AKA Choosing the Right Work Environment For You
I’ve been wanting to write a blog about being a female SDR since I became one back in the summer of ’16, but alas, here I am a Project Manager, finally putting pen to paper. Anyways, this blog isn’t just about being a female SDR, its about choosing the right work environment for you and level setting your expectations.
If you’ve ever gone through a job hunt, then you can probably relate to how painstaking the application, interview, and feedback processes are. You probably understand the numbers game that is trying to find a job, and the dozens upon dozens of applications that trickle into maybe a handful of interviews, and that’s all before we get down to the feedback process… which usually results in a handful of rejects, some vague suggestions, or no response at all. Sound familiar? Great! You’ve basically done SDR prospecting before.
And just like SDR prospecting, there’s more to it than just getting a job offer/passing an opportunity. Finding the right environment requires the answers to the following 3 questions:
What goals are you trying to achieve with the position you take?
I’m an entrepreneur at heart, I want a position that is going to set me up for success when I eventually go out on my own. Personally, when I was looking for my first entry level SDR role, I was looking for an organization that was going to allow me to grow my network, hone in on my communication skills, and allows me to have a holistic work experience to set me up with skills for future positions. Basically, I was looking for a company that was going to train me and provides the tools needs to learn a new skill, coach and provide feedback, all while allowing for internal professional growth.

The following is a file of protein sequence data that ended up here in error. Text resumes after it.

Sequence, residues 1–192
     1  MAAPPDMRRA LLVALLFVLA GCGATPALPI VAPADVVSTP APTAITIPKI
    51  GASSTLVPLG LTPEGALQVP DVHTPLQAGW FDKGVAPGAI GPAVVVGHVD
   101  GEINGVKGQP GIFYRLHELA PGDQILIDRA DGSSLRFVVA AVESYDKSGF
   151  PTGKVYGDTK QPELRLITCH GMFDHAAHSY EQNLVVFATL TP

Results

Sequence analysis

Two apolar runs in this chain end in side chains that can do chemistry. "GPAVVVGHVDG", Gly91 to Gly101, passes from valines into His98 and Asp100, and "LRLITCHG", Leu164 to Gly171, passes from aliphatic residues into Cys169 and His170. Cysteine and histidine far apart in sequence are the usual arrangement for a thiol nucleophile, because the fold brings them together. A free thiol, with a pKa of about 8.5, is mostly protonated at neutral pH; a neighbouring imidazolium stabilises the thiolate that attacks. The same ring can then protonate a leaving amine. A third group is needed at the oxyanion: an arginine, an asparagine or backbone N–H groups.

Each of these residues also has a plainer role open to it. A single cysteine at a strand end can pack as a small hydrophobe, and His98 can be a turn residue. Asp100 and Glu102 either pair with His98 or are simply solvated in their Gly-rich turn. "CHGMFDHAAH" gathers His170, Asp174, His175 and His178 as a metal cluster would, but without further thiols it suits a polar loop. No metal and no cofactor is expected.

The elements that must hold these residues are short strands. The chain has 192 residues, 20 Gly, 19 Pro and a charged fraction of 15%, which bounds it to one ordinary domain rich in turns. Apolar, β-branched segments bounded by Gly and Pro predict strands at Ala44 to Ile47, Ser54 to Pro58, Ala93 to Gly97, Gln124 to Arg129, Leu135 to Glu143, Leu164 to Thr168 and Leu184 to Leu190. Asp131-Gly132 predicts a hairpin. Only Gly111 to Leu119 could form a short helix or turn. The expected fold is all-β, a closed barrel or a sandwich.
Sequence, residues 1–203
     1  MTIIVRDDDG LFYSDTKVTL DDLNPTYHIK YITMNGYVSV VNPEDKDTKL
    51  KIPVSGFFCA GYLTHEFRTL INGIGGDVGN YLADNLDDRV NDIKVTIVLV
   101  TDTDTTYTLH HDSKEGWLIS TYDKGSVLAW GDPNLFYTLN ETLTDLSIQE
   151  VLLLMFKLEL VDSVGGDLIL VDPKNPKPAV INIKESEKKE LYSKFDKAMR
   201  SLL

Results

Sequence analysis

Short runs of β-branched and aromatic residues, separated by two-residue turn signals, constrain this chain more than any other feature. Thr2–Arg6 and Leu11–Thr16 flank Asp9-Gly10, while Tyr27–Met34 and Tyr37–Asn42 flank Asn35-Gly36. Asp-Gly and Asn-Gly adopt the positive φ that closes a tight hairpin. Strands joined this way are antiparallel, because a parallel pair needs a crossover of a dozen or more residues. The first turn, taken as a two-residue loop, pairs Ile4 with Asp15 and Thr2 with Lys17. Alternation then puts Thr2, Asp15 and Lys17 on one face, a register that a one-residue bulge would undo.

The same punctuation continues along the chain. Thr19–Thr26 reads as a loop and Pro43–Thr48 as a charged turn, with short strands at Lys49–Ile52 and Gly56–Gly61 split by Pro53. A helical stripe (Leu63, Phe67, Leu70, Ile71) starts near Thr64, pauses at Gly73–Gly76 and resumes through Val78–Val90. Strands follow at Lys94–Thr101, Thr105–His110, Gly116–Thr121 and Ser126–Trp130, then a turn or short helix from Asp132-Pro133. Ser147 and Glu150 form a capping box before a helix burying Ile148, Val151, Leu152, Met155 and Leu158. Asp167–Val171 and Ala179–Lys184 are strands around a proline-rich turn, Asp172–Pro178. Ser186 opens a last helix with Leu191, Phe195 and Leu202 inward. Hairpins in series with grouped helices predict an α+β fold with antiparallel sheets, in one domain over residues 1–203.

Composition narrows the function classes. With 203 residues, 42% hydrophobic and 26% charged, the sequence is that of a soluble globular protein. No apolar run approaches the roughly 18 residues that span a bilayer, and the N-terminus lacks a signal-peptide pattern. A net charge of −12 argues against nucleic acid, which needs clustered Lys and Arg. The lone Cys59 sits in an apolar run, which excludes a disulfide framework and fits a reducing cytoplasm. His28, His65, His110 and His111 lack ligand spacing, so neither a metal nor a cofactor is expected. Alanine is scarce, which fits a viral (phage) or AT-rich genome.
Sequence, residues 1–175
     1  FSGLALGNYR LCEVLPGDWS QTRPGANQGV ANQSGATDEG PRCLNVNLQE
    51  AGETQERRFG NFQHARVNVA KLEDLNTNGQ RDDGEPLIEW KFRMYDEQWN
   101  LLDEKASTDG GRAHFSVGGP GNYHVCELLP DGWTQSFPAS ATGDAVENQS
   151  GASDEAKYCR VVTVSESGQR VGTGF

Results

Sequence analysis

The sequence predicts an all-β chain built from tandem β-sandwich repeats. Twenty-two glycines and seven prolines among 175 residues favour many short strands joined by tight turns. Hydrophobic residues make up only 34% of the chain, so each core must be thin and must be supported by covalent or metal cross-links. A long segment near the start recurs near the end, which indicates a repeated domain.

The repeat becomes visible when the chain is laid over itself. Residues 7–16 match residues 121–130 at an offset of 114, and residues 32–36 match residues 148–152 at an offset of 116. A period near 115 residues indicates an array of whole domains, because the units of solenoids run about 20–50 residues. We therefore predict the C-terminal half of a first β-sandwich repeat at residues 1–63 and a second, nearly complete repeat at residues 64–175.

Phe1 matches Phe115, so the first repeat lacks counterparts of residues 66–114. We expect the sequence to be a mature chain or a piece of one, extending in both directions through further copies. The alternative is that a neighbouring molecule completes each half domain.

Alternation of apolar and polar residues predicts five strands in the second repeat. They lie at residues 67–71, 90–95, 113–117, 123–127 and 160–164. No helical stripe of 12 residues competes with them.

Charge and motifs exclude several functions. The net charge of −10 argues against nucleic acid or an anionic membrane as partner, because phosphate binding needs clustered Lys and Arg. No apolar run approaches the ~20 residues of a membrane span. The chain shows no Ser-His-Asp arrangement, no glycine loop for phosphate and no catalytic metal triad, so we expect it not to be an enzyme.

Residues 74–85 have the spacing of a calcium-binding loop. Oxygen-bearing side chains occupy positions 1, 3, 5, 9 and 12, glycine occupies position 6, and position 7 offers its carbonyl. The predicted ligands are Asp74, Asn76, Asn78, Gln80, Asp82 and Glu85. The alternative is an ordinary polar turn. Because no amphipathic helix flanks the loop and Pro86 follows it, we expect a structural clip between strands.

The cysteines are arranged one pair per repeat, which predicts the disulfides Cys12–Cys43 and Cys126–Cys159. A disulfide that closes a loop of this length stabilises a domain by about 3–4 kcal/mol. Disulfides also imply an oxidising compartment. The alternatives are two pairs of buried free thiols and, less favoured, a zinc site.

Are the people whom you will surround yourself with going to challenge, mentor, and shape you?
I wanted to be surrounded by people that were going to challenge me, mentor me, and promote self-growth as well as professional growth. Having the ability to work with, receive feedback from, and build personal relationships with a mentor was a huge factor in my decision to come to demandDrive. Growth comes from being uncomfortable, being uncomfortable comes from learning something new. Constructive growth comes from learning something new, receiving feedback that may be uncomfortable, and then learning from it. In particular for me, having women in upper management - especially in an industry that is male-dominated - is turnkey. @LindsayFrey (Founder) & @SarahFotos (VP of Client Engagement) have been exceptional role models & extremely open in taking the time to personally coach and provide feedback to not only myself, but everyone at demandDrive.
Is there an opportunity to grow?
This comes bundled together with figuring out your own goals & the availability of a mentor within the company you’re exploring. When I interviewed at demandDrive, I saw a start-up at the beginning of its growth spurt. They were (and always are) looking for SDR candidates who wanted to help grow demandDrive internally, in addition to jumping into a sales role. Coupled with having a badass line-up of women in management, it was a no-brainer for me to take a role at demandDrive.
If you’re choosing a career in sales, I can assume that you’re cool with failing most of the time. Just like a job hunt, it takes research, preparation, personalization, uncomfortable conversations, and resiliency to survive. That being said, accepting your first job offer isn’t always the best idea. It’s vital to your personal and professional growth to find a role where you’re supported, challenged, and heard, even if it means you may have to turn down a more immediate offer.
In short - if you can survive the job hunt, you can survive the SDR role, you just need to find the right environment to succeed.